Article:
I went to see She Kills Monsters by Qui Nguyen at Green Globe Theatre on a warm Friday night. In case you didn’t know, Green Globe Theatre is Baltimore’s resident Eco-friendly theater company. I learned this quickly when I didn’t find any printed programs and was informed that the program was on the website. Cast and crew bios were projected on a wall as well. An interesting concept, but I still missed the piece of paper that I would inadvertently throw away. Well played Green Globe. I entered the theater currently in residence at the Breath of God Lutheran Church in Highlandtown not really knowing what to expect. I was a bad BITR Sister and I didn’t do my homework prior to going to the show. I’ve been busy, it happens. I frantically searched Google and Wikipedia for a show synopsis and was able to learn that the show was about Dungeons and Dragons, aka D&D. In college I had a few friends who played D&D and did a little LARPing (Live Action Role Playing). I knew a little bit about the world but not enough to be dangerous. Before I could learn more about the show the house lights went off and a booming overlord type narrator voice thing (Mr. Rosko Lewis) started the show.
The audience was transported back to a simpler time. The year was 1993 when music was loud and moody and the internet was in its infancy. A young teenage D&D icon named Tilly (Ms. Linda Roby) was killed in a car crash with her parents. Agnes (Ms. Nicki Seibert), a teacher at the local high school, mourns the loss of her younger sister by playing the D&D game of her sister’s creation. But we find out this is more than just a game. On the D&D adventure we meet a band of warriors to include daughter of the Devil and flesh eating warrior Lillith (Ms. Lianna Brizzi), Elvin model and cleric Kaliope (Ms. Rebecca Clendaniel) and Lord of the Underworld Orcas (Mr. Sam O’Farrell) who were fantasy adaptations of Tilly’s real life friends. As Agnes plays the game, she learns more about the life of the kid sister she ignored growing up. Agnes’ clueless boyfriend Miles (Mr. Jacob Reese) and guidance counselor best friend Vera, (Ms. Brandi Elizabeth Brown) try to be supportive of this strange grieving process as Agnes fights evil demons, shapeshifters, and faires alongside the others in D&D land.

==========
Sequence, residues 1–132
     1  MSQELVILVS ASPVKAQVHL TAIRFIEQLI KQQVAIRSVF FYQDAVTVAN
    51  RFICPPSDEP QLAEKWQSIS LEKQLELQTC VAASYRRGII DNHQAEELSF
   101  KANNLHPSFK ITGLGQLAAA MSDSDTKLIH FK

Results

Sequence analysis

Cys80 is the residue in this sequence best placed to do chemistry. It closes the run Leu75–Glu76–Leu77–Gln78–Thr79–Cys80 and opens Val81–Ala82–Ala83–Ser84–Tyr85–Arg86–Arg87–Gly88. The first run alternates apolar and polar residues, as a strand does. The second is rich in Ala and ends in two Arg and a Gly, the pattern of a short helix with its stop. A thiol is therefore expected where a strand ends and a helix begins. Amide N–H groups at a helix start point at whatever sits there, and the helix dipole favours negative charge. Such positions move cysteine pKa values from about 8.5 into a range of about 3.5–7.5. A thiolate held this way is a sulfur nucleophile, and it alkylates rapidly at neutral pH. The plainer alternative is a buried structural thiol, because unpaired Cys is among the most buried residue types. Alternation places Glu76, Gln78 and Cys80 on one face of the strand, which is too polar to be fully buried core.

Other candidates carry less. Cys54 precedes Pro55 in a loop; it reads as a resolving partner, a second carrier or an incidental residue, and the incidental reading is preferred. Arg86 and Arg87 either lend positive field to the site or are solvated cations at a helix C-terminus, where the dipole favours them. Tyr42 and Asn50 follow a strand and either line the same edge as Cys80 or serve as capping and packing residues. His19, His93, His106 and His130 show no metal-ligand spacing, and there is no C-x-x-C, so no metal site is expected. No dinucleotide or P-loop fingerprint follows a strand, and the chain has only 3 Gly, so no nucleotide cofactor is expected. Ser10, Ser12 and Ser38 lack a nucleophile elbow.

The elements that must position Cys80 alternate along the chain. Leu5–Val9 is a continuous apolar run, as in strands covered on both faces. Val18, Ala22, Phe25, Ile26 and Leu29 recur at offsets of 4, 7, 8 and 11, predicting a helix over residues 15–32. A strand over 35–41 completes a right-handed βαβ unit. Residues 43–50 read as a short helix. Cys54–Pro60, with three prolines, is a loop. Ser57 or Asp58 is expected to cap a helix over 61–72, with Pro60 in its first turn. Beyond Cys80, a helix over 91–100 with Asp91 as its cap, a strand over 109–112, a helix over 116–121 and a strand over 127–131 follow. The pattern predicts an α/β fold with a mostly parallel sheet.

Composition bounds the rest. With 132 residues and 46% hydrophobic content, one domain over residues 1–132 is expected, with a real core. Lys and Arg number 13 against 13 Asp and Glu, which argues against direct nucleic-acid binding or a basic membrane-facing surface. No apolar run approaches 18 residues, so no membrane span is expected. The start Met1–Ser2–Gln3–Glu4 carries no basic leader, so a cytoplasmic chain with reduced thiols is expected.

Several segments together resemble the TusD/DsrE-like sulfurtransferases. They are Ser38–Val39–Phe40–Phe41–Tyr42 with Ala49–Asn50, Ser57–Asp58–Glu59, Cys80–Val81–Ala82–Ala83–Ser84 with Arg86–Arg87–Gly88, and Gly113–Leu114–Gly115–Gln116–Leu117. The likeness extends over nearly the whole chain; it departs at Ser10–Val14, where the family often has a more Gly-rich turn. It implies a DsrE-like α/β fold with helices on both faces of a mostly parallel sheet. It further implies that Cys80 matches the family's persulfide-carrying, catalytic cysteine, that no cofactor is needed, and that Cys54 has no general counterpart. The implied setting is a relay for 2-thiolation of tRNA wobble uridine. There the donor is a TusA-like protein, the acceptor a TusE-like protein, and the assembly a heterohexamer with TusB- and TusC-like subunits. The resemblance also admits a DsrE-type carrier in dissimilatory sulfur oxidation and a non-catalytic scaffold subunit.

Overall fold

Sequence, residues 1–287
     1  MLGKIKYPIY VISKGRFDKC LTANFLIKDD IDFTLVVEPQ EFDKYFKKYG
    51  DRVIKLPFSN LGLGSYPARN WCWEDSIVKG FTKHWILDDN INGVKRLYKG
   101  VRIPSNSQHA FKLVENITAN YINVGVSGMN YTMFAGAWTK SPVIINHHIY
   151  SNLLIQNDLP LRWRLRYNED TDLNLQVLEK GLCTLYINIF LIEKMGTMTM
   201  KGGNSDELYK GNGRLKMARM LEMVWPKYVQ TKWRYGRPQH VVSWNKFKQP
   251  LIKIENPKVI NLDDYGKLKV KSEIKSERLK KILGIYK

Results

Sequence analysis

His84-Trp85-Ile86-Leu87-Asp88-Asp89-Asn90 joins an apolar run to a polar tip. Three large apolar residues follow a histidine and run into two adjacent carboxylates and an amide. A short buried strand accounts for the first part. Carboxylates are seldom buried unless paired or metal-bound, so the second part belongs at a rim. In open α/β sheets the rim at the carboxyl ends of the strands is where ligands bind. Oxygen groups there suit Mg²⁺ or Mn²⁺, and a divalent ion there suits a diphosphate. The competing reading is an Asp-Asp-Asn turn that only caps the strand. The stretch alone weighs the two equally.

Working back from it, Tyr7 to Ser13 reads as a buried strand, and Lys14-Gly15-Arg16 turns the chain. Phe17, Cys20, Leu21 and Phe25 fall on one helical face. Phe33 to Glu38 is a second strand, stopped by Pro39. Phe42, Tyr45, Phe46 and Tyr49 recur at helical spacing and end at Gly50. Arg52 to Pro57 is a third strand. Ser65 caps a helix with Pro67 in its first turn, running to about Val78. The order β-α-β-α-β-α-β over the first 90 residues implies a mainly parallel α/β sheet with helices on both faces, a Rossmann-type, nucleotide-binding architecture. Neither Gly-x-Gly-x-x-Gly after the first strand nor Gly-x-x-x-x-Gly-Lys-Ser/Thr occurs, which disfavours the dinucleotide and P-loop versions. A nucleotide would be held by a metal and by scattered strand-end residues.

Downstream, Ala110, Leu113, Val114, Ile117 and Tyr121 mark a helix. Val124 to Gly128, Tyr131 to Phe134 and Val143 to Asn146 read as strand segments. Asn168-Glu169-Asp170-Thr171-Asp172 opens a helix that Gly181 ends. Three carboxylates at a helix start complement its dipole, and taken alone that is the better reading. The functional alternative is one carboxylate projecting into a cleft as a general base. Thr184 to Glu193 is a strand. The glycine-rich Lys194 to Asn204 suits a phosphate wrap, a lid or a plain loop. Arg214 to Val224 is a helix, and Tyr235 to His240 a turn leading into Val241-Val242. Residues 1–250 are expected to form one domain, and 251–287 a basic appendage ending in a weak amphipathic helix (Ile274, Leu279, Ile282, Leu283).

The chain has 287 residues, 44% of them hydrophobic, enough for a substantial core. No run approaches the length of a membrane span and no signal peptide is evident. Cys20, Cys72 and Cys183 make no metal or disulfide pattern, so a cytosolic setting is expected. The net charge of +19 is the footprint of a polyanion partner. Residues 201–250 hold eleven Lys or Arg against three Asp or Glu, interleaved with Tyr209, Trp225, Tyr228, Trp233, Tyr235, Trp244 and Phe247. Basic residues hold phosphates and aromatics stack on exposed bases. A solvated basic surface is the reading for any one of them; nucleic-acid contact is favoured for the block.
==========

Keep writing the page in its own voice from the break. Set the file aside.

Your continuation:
Chuck aka Dungeon Master (DM) aka DM Biggs, played by Mr. Jeff Miller, served as Agnes’ “spiritual guide” through Tilly’s D&D world. DM Biggs was hands down my favorite character. He was nerdy, lovable, and funny. Mr. Miller made big, bold choices as an actor and it paid off. It looked like he was having fun playing an awkward teenage Dungeon master. Rock on DM, rock on. Another standout performance was that of Ms. Lianna Brizzi. I enjoyed watching her strength and intensity as Lillith the “muscle” in the travelling group of warriors. As Lilly, the real life teen girl version of Lillith, she was emotionally tender during a particularly revealing scene. I believed her teenage confusion and vulnerability. Ms. Brizzi showed emotional range and full characterizations in this production and it was a joy to watch. Ms. Nicki Seibert as Agnes had sweetness and sincerity in her performance especially when opposite her sister Tilly, played by Ms. Linda Roby. I felt the connection between them as sisters. They ached to really know one another better, and playing a game was as close as they would ever get. Beautifully done ladies.
Qui Nguyen’s witty dialogue had a splash of 90s pop culture references and multiple references to the double entendre of “Role-playing” was a nice touch. Yes my mind is always in the gutter. Songs from the 90s were pumped from the speakers during the pre-show and intermission. Again, well played Green Globe. You somehow knew I had a weakness for 90s music.